I love live theater. I can’t remember the first live theater production I ever saw, but I remember the first one that really got to me. It was a production of Jesus Christ Superstar at E.J. Thomas Hall circa 1986.
I had grown up listening to JCS; my mom was a fanatic and played the original Broadway soundtrack almost every weekend. But that first production opened my eyes to the power of live theater, to its infinite possibilities.
In that production, Jesus dressed like he had just walked off the set of Miami Vice; the Sanhedrin was costumed in biker leathers; and the disciples ate corn chips and drank beer at the last supper. I’ve lost count of the number of productions of JCS I’ve seen over the years — somewhere around 14, I think — but when I think of that musical, that first experience is always the one I remember most vividly.
In the past month, I’ve seen three live theater productions, from amateur productions to professional touring companies. All were painfully bad or plain disappointing.
I was beginning to lose my faith in the power of live theater, which seemed to have lost its social relevance.
Don’t get me wrong, I love a good musical or even a rollicking comedy; they certainly have their places in live theater. But, what I really love is social theater, the kind that gets under the skin, and — most importantly — teaches us about ourselves and our place in the world.
None of the three productions I saw recently even attempted to do any such thing. As a result, they felt superficial, saccharine, sensationalized. There was no life to those performances, no fire. There was no there there.
And then I saw Corpus Christi.
In fact, in this version, produced by Heads Up Productions, gender is completely fluid: Mary was played by a man, Joseph by a woman, the disciples were represented by both men and women of different races, ages, shapes, sizes, and religious backgrounds. It was dizzying and inspirational. It made me wonder. It made me think. It made me laugh. It made me cry. That’s what theater should be about, not just bodies on a stage moving around like machines, hitting their marks.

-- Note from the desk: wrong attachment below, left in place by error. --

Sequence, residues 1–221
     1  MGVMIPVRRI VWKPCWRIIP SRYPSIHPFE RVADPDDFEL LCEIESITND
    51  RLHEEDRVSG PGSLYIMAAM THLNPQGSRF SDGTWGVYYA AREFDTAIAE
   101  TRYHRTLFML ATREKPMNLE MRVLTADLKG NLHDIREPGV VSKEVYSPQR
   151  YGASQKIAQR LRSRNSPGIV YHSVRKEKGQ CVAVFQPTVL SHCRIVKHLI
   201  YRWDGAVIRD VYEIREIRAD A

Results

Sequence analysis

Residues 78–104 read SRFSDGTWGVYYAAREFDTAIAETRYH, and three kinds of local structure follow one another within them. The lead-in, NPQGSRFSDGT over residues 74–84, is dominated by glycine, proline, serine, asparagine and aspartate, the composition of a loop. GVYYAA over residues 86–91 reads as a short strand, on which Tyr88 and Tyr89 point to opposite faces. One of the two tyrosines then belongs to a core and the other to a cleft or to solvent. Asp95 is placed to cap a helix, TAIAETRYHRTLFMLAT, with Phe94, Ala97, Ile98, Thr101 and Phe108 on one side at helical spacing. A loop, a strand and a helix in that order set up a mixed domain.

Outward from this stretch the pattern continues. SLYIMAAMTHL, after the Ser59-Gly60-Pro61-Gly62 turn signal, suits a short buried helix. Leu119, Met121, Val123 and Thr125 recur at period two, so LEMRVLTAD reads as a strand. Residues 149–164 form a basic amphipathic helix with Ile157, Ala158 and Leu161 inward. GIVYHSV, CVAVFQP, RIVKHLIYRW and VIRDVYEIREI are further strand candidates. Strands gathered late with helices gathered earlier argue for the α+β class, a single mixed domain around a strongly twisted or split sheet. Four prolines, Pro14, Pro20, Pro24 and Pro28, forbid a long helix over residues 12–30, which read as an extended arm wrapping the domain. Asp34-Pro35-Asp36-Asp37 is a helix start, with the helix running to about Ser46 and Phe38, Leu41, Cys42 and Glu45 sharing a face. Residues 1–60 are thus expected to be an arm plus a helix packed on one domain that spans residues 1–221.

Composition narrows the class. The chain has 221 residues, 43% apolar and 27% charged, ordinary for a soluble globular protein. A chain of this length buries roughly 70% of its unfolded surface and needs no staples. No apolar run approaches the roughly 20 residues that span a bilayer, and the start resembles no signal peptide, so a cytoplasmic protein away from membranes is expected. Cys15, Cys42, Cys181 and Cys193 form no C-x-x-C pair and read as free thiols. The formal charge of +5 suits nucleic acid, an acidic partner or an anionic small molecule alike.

It should make you feel. Something. Anything.
In the interest of full disclosure, I should also mention here that Heads Up Productions was co-founded by a former student of mine, Benjamin Rexroad. He’s going by Benjamin these days, but he was always Ben back then, and he’s always been Benny to me.
Benny was in the first class I had when I became a teacher. He took nearly every class I offered. I was the Drama Club adviser; he was the president. I was the Yearbook adviser; he was the editor. He took my Introduction to Theater course, and I directed him in three productions.
Now Ben has become the director. He majored in Theater at The University of Akron and co-founded Heads Up Productions with Stow resident TJ Jozsa, whom I had the pleasure of watching grow up on the Stow-Munroe Falls High School stage. Both of them, as well as the excellent company they have put together (including Stow resident Nici Romo, read her blog about the play here.), clearly understand that theater should be a visceral experience. When done correctly, with knowledge, openness and passion, it is.
In the theater class I teach, we read and watch plays from various genres. The students always enjoy and learn something from such plays as A Streetcar Named Desire and Brighton Beach Memoirs, but, it’s not until we enter the social theater unit at the end of the year when we read The Laramie Project or watch Rent that students react emotionally. They actually cry.
They cry when we read aloud Matthew Shepard’s father’s speech, and they cry all over again when we watch the film based on the play. The rawness of their emotions move me to tears, and I get chills because that’s what theater is supposed to be about. It’s why theater education is necessary.
I was reminded of all of this as I sat in the audience at Corpus Christi, feeling inspired once again, so proud that Benny was carrying on the theater tradition in such a meaningful way.
There I was, the teacher learning from the student. It felt right. It felt complete. And it helped renew my faith in the power of theater.